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1981
Volume 9, Issue 3
  • ISSN: 2044-1983
  • E-ISSN: 2044-3706

Abstract

Abstract

This article explores the design strategies of four record labels associated with the growth of an explicitly far-right sub-genre of punk in the United Kingdom between 1979 and the early 2000s: Rock-O-Rama Records, White Noise Records, Rebelles Européens and ISD Records. While Rock-O-Rama saw the inclusion of the genre as simply an extension of their existing business model, the other labels were established specifically to support the activities of a small number of explicitly far-right groups who were blacklisted by mainstream producers and distributors within the music industry. These labels were also able to develop independent, do-it-yourself approaches to marketing, promotion and distribution that bear striking similarity to other sub-genres of punk and post-punk in the United Kingdom and Europe, particularly the politically activist hardcore and anarcho-punk scenes. Earlier examples of record covers that employed ambiguous visual metaphors to evoke a mythical Aryan identity were eventually superseded by the emergence of a more extreme form of visual communication that utilized overtly racist images alongside symbols with specific coded meanings to demonstrate a commitment to the white nationalist cause. These visual strategies were to become more explicit as far-right punk scenes moved to embrace fascist ideologies in the 1990s and beyond, as connotations of brotherhood, persecution, endurance, Norse mythology and the nation eventually gave way to direct calls-to-arms and pledges of allegiance with White Power and neo-Nazi terrorist groups.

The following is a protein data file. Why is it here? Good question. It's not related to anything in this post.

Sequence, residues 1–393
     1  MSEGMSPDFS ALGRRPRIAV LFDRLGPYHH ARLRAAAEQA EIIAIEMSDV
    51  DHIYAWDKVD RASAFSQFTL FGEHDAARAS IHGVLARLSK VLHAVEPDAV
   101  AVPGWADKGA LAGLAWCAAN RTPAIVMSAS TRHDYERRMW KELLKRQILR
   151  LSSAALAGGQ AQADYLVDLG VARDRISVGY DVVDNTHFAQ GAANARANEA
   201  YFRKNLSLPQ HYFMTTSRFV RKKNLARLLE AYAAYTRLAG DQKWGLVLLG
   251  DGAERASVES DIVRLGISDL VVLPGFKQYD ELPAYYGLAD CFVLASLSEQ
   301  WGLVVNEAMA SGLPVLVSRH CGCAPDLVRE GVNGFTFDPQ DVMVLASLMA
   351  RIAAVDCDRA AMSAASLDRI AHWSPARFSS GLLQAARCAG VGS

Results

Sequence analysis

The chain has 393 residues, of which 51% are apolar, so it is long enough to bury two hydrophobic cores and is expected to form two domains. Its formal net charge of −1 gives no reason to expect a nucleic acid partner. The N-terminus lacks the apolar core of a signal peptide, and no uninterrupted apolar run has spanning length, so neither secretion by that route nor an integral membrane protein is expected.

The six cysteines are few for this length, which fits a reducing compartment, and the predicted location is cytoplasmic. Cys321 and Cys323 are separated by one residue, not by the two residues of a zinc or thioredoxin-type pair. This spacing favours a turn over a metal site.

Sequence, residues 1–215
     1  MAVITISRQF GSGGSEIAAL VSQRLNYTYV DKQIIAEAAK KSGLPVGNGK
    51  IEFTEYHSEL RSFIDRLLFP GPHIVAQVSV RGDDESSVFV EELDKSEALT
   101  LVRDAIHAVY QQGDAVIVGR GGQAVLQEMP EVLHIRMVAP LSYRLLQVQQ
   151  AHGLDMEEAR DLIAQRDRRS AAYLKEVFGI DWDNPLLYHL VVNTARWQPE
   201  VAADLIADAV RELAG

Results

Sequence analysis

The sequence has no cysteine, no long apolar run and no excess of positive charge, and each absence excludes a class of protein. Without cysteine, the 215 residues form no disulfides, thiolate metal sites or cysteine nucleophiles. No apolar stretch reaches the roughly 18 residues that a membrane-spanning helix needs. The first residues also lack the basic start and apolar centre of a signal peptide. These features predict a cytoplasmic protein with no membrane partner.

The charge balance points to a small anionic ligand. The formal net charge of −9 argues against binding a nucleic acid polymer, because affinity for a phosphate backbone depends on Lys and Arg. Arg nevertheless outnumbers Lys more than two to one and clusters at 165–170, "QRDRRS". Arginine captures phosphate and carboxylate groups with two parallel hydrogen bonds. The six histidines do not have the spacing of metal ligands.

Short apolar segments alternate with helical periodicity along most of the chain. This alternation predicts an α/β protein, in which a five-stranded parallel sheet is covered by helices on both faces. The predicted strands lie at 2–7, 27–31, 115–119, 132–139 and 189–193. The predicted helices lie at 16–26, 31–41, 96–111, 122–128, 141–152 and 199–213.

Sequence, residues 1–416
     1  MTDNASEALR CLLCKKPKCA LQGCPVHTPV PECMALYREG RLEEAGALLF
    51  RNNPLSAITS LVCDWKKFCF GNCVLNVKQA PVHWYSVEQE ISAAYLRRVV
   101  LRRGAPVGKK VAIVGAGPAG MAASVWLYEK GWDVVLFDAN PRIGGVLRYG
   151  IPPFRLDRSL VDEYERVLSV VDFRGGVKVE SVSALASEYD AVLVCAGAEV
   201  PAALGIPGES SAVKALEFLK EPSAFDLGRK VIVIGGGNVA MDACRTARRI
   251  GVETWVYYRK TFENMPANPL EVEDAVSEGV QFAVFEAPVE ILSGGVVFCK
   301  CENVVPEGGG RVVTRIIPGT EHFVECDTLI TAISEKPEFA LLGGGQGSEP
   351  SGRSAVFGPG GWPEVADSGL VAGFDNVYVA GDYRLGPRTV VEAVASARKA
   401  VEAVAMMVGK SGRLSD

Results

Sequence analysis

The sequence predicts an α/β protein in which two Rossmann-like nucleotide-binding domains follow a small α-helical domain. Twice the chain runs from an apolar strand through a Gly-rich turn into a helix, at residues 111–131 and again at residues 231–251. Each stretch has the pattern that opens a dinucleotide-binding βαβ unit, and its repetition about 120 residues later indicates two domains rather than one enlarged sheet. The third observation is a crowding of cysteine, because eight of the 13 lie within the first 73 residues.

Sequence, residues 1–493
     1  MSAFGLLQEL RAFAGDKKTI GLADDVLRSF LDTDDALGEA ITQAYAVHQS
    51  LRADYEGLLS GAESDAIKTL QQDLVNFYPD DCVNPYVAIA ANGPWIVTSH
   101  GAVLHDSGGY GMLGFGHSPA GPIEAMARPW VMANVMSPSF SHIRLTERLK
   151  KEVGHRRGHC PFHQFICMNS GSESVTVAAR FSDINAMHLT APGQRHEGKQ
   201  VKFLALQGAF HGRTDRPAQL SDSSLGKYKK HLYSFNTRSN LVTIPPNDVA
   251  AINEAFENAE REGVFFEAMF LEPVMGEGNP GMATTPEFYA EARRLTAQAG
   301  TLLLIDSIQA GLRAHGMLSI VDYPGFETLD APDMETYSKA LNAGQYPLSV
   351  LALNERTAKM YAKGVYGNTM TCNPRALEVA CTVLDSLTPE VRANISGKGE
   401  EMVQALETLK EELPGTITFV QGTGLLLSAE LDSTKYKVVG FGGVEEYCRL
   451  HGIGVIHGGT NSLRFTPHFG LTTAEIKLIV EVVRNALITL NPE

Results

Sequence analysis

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/content/journals/10.1386/punk_00039_1
2020-11-01
2024-06-17
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  • Article Type: Article
Keyword(s): Combat 18; music graphics; neo-Nazi; Oi!; RAC; skinhead; Skrewdriver; White Power
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